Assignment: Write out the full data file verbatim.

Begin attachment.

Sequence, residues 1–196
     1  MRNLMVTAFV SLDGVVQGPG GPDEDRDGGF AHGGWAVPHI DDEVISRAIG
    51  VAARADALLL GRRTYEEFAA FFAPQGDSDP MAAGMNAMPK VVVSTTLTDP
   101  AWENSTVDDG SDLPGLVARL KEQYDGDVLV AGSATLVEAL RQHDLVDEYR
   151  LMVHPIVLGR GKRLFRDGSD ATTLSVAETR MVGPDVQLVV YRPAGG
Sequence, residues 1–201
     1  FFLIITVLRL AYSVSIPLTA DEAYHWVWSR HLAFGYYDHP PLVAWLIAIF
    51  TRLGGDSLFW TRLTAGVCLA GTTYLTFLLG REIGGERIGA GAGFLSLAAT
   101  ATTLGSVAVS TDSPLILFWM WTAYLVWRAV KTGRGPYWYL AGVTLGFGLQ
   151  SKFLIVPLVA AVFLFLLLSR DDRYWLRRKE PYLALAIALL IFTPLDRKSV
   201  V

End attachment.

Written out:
Sequence, residues 1–196
     1  MRNLMVTAFV SLDGVVQGPG GPDEDRDGGF AHGGWAVPHI DDEVISRAIG
    51  VAARADALLL GRRTYEEFAA FFAPQGDSDP MAAGMNAMPK VVVSTTLTDP
   101  AWENSTVDDG SDLPGLVARL KEQYDGDVLV AGSATLVEAL RQHDLVDEYR
   151  LMVHPIVLGR GKRLFRDGSD ATTLSVAETR MVGPDVQLVV YRPAGG
Sequence, residues 1–201
     1  FFLIITVLRL AYSVSIPLTA DEAYHWVWSR HLAFGYYDHP PLVAWLIAIF
    51  TRLGGDSLFW TRLTAGVCLA GTTYLTFLLG REIGGERIGA GAGFLSLAAT
   101  ATTLGSVAVS TDSPLILFWM WTAYLVWRAV KTGRGPYWYL AGVTLGFGLQ
   151  SKFLIVPLVA AVFLFLLLSR DDRYWLRRKE PYLALAIALL IFTPLDRKSV
   201  V